It’s my first hike in Wyoming and what a way to start! The Wind River Range is a 100-mile long mountain range in western Wyoming (just south of the Tetons) that includes most of the state’s highest peaks and is probably on most backpackers’ to-do list.
I went with some friends from the Kansas City area (RC, TC, and DH) for a 6 day adventure with 2 days of driving at each end. Our 32-mile loop started at Worthen Meadow Reservoir southwest of Lander and included stops at Three Forks Park, Deep Creek Lakes, Tayo Park, Stough Lakes Basin, and Twin Lakes. What they call parks here are big meadows – there are no drinking fountains nor playground equipment. Elevations were mostly 9500-10500′ with one excursion over a 11000′ pass. Morning temps ranged from 40 to 50, mostly at the higher end, afternoon highs were in the low 70s, and of course humidity was almost non-existent. We had brief late afternoon rain showers on day 1 and 3 but the skies were otherwise pretty clear. Remarkable weather overall – we hit that perfect week after the bugs are gone but before the snow falls.
Some friends and I were in Lander WY with an afternoon free before beginning a trip in the Wind River Range so we visited Sinks Canyon State Park. The main feature here is a large canyon where the Middle Fork of the Popo Agie River disappears (sinks) into a cavern and then reappears (rises) about 1/4 mile away.
Fall seems far off but it’s time to start making some plans! Work on the Buffalo River Trail between Tyler Bend and Red Bluff Road is set to resume Oct 16 2015 and run through Nov 1. American Hiking Society will have a crew there Oct 18-24 with BRT alumni slated for Oct 25-31. We’ll be camping at Tyler Bend, as usual, where the flush toilets and hot showers are much appreciated and our camping fees are waived. Look for our “headquarters” – a big white canvas wall tent – around the north west corner of the regular campground, not the group campground.
Here’s my summary of the Spring 2015 session. The archaeological and private property obstacles in the area between Red Bluff Road and South Maumee Road remain, so it looks like we’ll mostly be clearing brush along already-finished trail, constructing rock steps and cribbing, fixing erosion problems, and working with the OHTA to build a small bridge across a gully west of the Grinders Ferry trail head.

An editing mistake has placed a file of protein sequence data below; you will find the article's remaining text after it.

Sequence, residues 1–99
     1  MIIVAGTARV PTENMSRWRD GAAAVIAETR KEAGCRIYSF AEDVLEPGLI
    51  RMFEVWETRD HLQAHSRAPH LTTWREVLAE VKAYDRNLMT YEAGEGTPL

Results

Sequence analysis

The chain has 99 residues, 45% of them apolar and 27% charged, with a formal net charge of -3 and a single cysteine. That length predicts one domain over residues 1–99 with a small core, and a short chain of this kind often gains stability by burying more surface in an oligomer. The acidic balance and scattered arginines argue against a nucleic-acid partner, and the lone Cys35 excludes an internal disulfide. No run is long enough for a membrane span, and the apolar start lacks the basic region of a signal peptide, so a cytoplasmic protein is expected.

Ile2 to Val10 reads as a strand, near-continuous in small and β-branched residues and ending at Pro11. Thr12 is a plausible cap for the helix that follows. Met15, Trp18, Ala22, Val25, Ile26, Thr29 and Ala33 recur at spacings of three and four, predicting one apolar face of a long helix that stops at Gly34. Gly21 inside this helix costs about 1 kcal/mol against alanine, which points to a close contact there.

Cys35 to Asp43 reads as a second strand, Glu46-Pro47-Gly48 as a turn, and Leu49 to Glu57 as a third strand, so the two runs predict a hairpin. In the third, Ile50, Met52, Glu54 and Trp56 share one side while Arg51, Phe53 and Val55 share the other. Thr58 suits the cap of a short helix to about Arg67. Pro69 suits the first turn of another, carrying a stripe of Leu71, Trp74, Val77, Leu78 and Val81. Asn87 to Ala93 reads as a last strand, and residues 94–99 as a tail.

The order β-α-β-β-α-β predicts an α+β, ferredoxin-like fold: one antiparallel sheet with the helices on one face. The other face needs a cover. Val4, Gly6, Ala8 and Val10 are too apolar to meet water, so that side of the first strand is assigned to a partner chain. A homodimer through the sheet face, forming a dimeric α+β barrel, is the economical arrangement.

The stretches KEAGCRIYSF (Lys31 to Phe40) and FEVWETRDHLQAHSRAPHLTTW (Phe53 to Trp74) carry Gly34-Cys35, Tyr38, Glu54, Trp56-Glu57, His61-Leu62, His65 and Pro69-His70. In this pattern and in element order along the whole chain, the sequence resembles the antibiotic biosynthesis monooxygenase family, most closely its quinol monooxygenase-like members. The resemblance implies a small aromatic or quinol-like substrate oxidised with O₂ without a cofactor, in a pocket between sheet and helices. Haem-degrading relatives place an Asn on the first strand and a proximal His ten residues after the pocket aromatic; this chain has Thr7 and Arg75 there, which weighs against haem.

Whatever your abilities, we’ll find something for you to do and provide the tools.
The largest known cave system in the world. It’s pretty big. One might even say it’s mammoth, and it was kinda on my way home from Virginia so I figured I had to stop at Mammoth Cave in Kentucky.
The one stop I planned during my drive back home from Virginia was the Red River Gorge Geological Area (RRGGA) in eastern Kentucky. This is 29000 acres of the Daniel Boone National Forest protected since the 1960’s when it was to be flooded by a dam. Combined with the 12600+ acre Clifty Wilderness to the east and Natural Bridge State Park to the south, there can be found over 100 natural bridges and arches along with numerous rock shelters, cliffs, caves, and other formations. It’s definitely a geological wonder, and has been on my to-do list for a while. In the one day I spent here, I barely scratched the surface.
I planned one stop on the way back from Virginia but added two more. The first was New River Gorge National River – a 72,000 acre national park that encompasses 53 miles of the New River. The area is chock-full of hiking, camping, floating, fishing, and other recreational opportunities as well as driving tours if you don’t feel like doing anything. Nearby is the Gauley River, which is a popular destination for whitewater enthusiasts.
My brother and I hiked through part of the Thunder Ridge Wilderness, across Apple Orchard Mountain, and down to Apple Orchard Falls. It was just under 8 miles for the round-trip, a bit more than half on the AT and the rest on the Apple Orchard Falls Trail.
2100 miles, 9 days, 6 states, 527 photos; summer vacation is over. I began by driving east on I-40 and then up I-81 to an area northeast of Roanoke in central Virginia – a route that offered almost all new scenery for me. I spent 4.5 days with family that now live in this area. It’s mostly in the George Washington National Forest and very close to the Appalachian Trail and many others so I was able to do a little hiking. The Blue Ridge Parkway is also very close, with many sightseeing opportunities. Add in some stops on the way home, and I’ve got material for 4 more posts to come ASAP.
Contrary to appearances I have not vanished. In the 7 weeks since finishing my section hike of the Ouachita Trail I just haven’t done any one thing that seemed to deserve a blog post.
The first 5 of those weeks were kinda wet but I found 10 days that were relatively cool with a low chance of rain so I could do some work on both the Highlands and Ouachita trails. I cleared brush along about 8 miles of trail that has been inadequately maintained. The Highlands segment is probably now “under control” but the Ouachita segment will probably still need a lot of work this fall and next spring.
My sister and brother-in-law visited for 3-4 days. One day we went to Mt Magazine for some sight-seeing and then did a tour of the wine-producing area just north of there around Altus. I don’t drink wine but I’ve been wanting to see the wineries. They do enjoy wine and went home with almost 2 cases, I think, from the Post and Chateau Aux Arc wineries. We had dinner in the Weinkeller Restaurant in Wiederkehr Village. The food was fine, but not anything special.
The last couple weeks have been dry with heat indexes over 100. I’ve been shifting attention back to the to-do list at home that was abandoned when backpacking season began last fall. Painting, landscaping, and some minor plumbing projects are underway. By the end of the summer I might even be able to finish unpacking from the last move.